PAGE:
That’s a small number, but high enough that it could conceivably affect the electrical performance of the current collector – and, in turn, the performance of a battery, Bhushan said. He hopes that battery makers will further investigate this phenomenon and use the information to design new materials that might prevent lithium from escaping the electrode material.
Next, he and his colleagues will study the impedance, or internal electrical resistance, of lithium-ion batteries on the nanoscale.
Funding for this study came from the Institute for Materials Research at Ohio State.Contact: Bharat Bhushan, (614) 292-0651; Bhushan.firstname.lastname@example.org
Pam Frost Gorder | EurekAlert!
Nanomaterial makes laser light more applicable
28.03.2017 | Christian-Albrechts-Universität zu Kiel
New value added to the ICSD (Inorganic Crystal Structure Database)
27.03.2017 | FIZ Karlsruhe – Leibniz-Institut für Informationsinfrastruktur GmbH
The Institute of Semiconductor Technology and the Institute of Physical and Theoretical Chemistry, both members of the Laboratory for Emerging Nanometrology (LENA), at Technische Universität Braunschweig are partners in a new European research project entitled ChipScope, which aims to develop a completely new and extremely small optical microscope capable of observing the interior of living cells in real time. A consortium of 7 partners from 5 countries will tackle this issue with very ambitious objectives during a four-year research program.
To demonstrate the usefulness of this new scientific tool, at the end of the project the developed chip-sized microscope will be used to observe in real-time...
Astronomers from Bonn and Tautenburg in Thuringia (Germany) used the 100-m radio telescope at Effelsberg to observe several galaxy clusters. At the edges of these large accumulations of dark matter, stellar systems (galaxies), hot gas, and charged particles, they found magnetic fields that are exceptionally ordered over distances of many million light years. This makes them the most extended magnetic fields in the universe known so far.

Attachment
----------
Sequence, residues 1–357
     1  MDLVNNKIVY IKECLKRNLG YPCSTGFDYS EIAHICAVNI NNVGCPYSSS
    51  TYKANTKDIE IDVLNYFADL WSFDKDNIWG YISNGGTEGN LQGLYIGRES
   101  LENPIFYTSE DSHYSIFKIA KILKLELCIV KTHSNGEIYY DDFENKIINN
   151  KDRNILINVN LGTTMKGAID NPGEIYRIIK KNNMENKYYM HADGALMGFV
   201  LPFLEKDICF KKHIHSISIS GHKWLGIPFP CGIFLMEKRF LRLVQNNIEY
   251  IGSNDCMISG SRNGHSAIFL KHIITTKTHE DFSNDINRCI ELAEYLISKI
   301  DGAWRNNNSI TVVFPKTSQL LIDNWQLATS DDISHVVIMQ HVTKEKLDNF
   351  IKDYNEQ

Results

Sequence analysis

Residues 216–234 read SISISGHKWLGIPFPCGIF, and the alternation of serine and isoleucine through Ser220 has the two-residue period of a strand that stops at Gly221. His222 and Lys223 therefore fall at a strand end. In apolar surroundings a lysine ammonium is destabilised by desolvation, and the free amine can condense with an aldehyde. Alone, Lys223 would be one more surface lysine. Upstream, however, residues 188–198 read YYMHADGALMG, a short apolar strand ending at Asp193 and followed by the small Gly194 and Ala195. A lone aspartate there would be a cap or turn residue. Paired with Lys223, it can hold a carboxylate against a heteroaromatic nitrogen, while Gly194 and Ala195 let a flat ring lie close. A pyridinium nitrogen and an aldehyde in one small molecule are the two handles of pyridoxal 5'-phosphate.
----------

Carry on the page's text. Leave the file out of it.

The results will be published on March 22 in the journal „Astronomy & Astrophysics“.
Galaxy clusters are the largest gravitationally bound structures in the universe. With a typical extent of about 10 million light years, i.e. 100 times the...
Researchers at the Goethe University Frankfurt, together with partners from the University of Tübingen in Germany and Queen Mary University as well as Francis Crick Institute from London (UK) have developed a novel technology to decipher the secret ubiquitin code.
Ubiquitin is a small protein that can be linked to other cellular proteins, thereby controlling and modulating their functions. The attachment occurs in many...
In the eternal search for next generation high-efficiency solar cells and LEDs, scientists at Los Alamos National Laboratory and their partners are creating...
Silicon nanosheets are thin, two-dimensional layers with exceptional optoelectronic properties very similar to those of graphene. Albeit, the nanosheets are less stable. Now researchers at the Technical University of Munich (TUM) have, for the first time ever, produced a composite material combining silicon nanosheets and a polymer that is both UV-resistant and easy to process. This brings the scientists a significant step closer to industrial applications like flexible displays and photosensors.
Silicon nanosheets are thin, two-dimensional layers with exceptional optoelectronic properties very similar to those of graphene. Albeit, the nanosheets are...
20.03.2017 | Event News
14.03.2017 | Event News
07.03.2017 | Event News
28.03.2017 | Life Sciences
28.03.2017 | Information Technology
28.03.2017 | Physics and Astronomy